I keep my HP Prime in one of those fabric cases that originally came with the HP 50G, with the slide on cover always on the back. It fits perfectly and even after about a year and a half being carried around in a backpack I would describe my calculator's appearance as being "like new." I haven't had the issue with gunk build-up on the keys although I do occasionally wipe the front of the calculator down with a microfiber cloth.
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06-03-2019, 05:07 PM
Post: #10
RE: My HP Prime G2 review.
on a semi-related note, is it only me that has trouble getting the slide-on case off easily?

Cambridge, UK
41CL 12/15C DM15/16 71B 17B/BII/bII+ 28S 42S/DM42 48GX 50g 35s 30b/WP34S Prime G2
& Casios, Rockwell 18R :)
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06-03-2019, 08:45 PM (This post was last modified: 06-03-2019 08:46 PM by Joe Horn.)
Post: #11
RE: My HP Prime G2 review.
(06-03-2019 05:07 PM)cdmackay Wrote:  on a semi-related note, is it only me that has trouble getting the slide-on case off easily?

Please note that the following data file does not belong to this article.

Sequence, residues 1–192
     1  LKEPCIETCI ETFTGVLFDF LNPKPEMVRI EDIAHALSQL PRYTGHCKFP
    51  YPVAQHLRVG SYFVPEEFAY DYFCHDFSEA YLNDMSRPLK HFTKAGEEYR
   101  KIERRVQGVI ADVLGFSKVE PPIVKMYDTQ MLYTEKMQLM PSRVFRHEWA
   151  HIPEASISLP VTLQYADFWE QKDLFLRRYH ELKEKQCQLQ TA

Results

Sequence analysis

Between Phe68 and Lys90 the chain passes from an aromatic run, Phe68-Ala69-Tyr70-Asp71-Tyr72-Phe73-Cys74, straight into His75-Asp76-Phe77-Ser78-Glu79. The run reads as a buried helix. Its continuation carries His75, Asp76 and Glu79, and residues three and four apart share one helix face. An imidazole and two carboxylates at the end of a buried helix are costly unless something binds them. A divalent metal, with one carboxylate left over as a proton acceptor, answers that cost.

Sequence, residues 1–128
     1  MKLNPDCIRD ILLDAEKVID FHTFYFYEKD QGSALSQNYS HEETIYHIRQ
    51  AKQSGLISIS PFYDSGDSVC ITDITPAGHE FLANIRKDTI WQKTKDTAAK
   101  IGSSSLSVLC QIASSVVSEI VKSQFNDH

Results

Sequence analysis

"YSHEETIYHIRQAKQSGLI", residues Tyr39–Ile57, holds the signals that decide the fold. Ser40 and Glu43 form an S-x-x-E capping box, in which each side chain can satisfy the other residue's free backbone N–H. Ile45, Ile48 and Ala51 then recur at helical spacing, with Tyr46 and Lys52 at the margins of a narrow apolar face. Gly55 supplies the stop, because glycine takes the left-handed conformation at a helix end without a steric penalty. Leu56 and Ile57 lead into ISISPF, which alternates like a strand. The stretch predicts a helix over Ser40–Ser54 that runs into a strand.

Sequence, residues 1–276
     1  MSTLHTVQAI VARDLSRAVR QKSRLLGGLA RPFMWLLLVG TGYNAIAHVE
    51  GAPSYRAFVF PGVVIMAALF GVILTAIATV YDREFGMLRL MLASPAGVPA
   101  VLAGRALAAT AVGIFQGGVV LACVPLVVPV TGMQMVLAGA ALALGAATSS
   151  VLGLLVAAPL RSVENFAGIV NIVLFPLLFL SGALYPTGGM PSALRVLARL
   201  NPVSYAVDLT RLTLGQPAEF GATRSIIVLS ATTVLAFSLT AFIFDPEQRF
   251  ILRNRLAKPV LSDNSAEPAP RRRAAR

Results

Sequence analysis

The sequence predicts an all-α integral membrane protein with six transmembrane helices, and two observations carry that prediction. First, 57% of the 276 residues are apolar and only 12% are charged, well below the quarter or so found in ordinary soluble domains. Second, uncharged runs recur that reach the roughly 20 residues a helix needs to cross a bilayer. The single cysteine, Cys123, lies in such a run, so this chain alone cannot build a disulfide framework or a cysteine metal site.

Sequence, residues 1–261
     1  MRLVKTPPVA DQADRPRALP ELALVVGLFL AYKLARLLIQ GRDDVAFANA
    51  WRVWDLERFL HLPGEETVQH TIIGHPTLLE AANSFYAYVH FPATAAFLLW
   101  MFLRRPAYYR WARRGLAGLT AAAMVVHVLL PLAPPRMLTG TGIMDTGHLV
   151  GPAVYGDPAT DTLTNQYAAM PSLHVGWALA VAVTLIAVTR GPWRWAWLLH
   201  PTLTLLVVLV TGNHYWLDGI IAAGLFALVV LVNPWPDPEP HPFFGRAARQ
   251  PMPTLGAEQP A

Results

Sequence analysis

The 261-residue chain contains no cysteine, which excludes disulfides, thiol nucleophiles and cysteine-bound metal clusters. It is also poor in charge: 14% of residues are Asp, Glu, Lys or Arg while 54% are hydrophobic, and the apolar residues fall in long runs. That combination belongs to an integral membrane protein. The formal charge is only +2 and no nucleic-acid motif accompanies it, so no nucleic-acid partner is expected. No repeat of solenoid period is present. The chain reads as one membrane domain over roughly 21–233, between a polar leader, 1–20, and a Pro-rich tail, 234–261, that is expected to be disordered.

I did too, until I tried this method: Hold it with both hands, fingertips on the back, and thumbs at the cover's "hp" logo. Now press your thumbs towards your fingertips, which bends the cover inwards slightly and thereby splays the friction tabs outwards slightly. While still squeezing, slide your thumbs downward, and the cover slides right off. (YMMV) Also, the friction tabs eventually wear down enough for cover removal to be much easier.

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06-03-2019, 09:57 PM
Post: #12
RE: My HP Prime G2 review.
(06-03-2019 08:45 PM)Joe Horn Wrote:  
(06-03-2019 05:07 PM)cdmackay Wrote:  on a semi-related note, is it only me that has trouble getting the slide-on case off easily?

I did too, until I tried this method: Hold it with both hands, fingertips on the back, and thumbs at the cover's "hp" logo. Now press your thumbs towards your fingertips, which bends the cover inwards slightly and thereby splays the friction tabs outwards slightly. While still squeezing, slide your thumbs downward, and the cover slides right off. (YMMV) Also, the friction tabs eventually wear down enough for cover removal to be much easier.

Thanks, Joe. I had been pulling and pushing all over the place to remove the cover. Your method is so much easier!

Tom L
I think therefore I am-Descartes
I think therefore you are-Gorgias